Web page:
This is a complicated issue, but there isn’t any news today so we’re letting our thoughts run loose, somewhat. We’ll do our best to get the conversation started, but the rest is up to you, dear reader.
Everyone knows, or thinks he knows, what Theocracy is. Wikipedia gives two dictionary definitions:
“government of a state by immediate divine guidance or by officials who are regarded as divinely guided,” and
“A form of government in which God (or a deity) is recognized as the king or immediate ruler, and his laws are taken as the statute-book of the kingdom, these laws being usually administered by a priestly order as his ministers and agents; hence (loosely) a system of government by a sacerdotal order, claiming a divine commission …”
Either one seems sufficient for our purposes. So where do the creationists fit in? Obviously, in some countries, there literally is government that meets those definitions. Heretics in such places are harshly treated, sometimes being subject to lashes, and even execution. Nothing like that — at least yet — is advocated by creationists in the Western world, but they do want government to at least recognize the sovereignty of their religious view of things.
All the creationist outfits we follow want government support for their teachings. They all want their doctrines taught in public schools, especially their supernatural ideas about the origins of the universe, the Earth, life, and humanity. To that extent — i.e., state endorsement of their religion — they’re definitely theocrats. Most of them (but not the Discovery Institute, whose political goals are temporarily limited), insist that not only should government buildings and meetings display their symbols and practice their rituals, but they also want prayers (their kind of prayers) in public schools. They haven’t yet gotten around to advocating lashes and beheading for those who disagree with them.
As we all know, creationists in the US tried to outlaw science they don’t like. An example is the Tennessee Butler Act, which John Scopes was prosecuted for violating. These days creationists seem willing to settle for squeezing their religious “theories” into science classes, so that creationism will be taught along with evolution, which they often describe as a competing religious doctrine.
But infiltrating the public schools to dilute evolution is just the first step. If they were ever successful, there’s no way to know how far they will go. We see no reason why they wouldn’t try to outlaw astronomy, geology, and every other science that causes them discomfort. For the moment, there doesn’t seem to be any desire to outlaw classroom displays of the periodic table of elements, but it wouldn’t surprise us if that too would be a target some day.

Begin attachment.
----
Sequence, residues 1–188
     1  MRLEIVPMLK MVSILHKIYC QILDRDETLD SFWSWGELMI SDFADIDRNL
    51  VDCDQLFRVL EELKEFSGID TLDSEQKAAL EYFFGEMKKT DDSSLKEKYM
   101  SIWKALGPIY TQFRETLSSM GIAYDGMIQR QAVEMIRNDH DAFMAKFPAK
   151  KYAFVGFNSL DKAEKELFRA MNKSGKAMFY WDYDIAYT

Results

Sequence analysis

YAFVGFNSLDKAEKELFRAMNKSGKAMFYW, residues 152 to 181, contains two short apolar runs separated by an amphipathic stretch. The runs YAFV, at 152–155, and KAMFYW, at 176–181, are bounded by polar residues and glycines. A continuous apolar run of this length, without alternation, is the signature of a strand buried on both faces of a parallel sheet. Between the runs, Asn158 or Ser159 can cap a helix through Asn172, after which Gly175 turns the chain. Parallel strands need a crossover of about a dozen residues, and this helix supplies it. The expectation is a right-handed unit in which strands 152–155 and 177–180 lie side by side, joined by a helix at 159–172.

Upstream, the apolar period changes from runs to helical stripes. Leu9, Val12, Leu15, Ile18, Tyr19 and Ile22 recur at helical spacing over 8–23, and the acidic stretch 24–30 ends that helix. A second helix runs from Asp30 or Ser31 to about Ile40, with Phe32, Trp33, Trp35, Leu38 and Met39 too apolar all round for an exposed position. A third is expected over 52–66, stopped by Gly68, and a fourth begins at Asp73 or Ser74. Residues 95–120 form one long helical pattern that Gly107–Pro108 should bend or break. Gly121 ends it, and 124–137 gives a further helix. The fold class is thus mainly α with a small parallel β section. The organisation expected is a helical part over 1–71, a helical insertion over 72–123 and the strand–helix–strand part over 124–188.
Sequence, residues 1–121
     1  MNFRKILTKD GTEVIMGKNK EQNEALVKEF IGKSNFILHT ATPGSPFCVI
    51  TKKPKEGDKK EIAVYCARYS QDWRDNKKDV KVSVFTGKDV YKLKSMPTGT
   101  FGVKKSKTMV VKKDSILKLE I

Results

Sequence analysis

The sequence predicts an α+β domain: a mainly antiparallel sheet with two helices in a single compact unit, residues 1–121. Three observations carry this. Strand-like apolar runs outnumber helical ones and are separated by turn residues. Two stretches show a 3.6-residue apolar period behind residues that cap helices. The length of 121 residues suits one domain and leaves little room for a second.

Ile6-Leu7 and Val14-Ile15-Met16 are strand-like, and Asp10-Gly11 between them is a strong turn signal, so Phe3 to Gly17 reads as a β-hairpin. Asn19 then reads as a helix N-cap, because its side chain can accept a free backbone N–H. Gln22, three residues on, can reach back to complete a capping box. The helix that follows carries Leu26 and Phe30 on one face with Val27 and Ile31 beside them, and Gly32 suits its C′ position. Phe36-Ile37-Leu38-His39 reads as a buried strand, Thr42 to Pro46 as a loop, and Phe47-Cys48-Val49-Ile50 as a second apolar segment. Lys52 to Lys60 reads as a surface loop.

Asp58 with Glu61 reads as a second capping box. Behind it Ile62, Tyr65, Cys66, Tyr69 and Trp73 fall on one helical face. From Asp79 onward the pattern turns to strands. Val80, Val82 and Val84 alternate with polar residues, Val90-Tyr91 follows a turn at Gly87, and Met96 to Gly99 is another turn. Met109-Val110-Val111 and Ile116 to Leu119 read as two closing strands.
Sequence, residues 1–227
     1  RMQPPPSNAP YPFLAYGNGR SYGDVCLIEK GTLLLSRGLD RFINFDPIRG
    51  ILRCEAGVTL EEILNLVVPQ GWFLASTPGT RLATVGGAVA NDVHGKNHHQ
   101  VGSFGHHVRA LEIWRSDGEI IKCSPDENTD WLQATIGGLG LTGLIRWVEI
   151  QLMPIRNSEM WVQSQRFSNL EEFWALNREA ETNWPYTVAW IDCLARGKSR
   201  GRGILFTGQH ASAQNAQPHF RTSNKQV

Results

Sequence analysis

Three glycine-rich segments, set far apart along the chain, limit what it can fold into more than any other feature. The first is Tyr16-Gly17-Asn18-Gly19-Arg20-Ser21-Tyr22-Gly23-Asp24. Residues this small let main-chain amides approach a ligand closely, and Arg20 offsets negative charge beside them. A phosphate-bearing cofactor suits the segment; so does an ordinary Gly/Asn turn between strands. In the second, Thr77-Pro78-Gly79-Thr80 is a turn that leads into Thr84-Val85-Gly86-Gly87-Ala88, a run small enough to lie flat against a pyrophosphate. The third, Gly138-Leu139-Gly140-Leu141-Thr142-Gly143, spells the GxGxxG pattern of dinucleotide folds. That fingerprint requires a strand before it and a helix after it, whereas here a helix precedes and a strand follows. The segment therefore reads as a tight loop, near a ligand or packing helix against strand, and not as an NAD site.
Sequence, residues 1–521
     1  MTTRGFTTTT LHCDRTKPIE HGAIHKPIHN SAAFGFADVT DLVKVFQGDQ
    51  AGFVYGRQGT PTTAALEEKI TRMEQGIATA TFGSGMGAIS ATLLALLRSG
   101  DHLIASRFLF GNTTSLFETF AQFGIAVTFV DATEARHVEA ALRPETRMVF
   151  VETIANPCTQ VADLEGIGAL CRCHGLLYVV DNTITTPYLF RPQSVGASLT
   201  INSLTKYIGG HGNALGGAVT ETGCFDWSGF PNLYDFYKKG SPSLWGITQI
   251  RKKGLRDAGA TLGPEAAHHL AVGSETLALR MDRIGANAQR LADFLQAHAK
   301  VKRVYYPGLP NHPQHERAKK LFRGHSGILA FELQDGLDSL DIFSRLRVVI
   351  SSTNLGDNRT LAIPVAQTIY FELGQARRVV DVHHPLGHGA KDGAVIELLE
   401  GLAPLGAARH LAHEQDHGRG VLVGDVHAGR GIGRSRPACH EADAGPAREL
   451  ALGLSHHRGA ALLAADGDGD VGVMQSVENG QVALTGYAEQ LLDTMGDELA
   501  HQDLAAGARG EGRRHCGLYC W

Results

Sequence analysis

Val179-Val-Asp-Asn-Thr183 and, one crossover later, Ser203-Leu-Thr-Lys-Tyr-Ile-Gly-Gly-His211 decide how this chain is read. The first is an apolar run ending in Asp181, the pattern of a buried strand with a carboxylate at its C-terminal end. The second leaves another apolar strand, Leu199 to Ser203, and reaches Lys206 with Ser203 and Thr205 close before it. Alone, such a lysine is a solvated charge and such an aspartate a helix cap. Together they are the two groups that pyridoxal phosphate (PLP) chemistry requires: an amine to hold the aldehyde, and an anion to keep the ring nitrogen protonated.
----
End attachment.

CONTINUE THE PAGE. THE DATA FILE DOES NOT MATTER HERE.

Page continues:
They all become enraged when creationist teachers in public schools are disciplined. They are equally enraged at the “favoritism” shown toward what they regard as atheistic science, and they would eagerly punish that behavior if they could. For the moment, however, they seem to grasp, albeit dimly, that this is beyond their reach.
They’re also furious that they don’t receive government funding for their activities. The Discoveroids are always grumbling that their “research” doesn’t receive government funding. Ken Ham is so certain of his righteousness that he is suing the state of Kentucky for millions of dollars in sales tax rebates for “his” share of the taxes he thinks will be generated by his religious theme park now under construction.
But not all creationists are potentially dangerous. There are probably creationist sects in the US that aren’t theocratic. Are the Amish creationists? We’re not sure, but we assume they are. However, the Amish don’t bother anyone. Unfortunately, they’re an exception.
Most creationist sects are inherently aggressive about their beliefs. And they’re proud of it. They claim that they’re the scientists and we’re the ones pushing our religious views. Their drooling followers believe them. When given the opportunity, they vote for politicians who believe as they do.
So what’s to be done? This is a struggle that probably won’t ever end. The best we can do, in our humble opinion, is: (1) avoid them, totally; and (2) keep communicating our message of reason and reality. If you have any other suggestions, we’d like to hear them.
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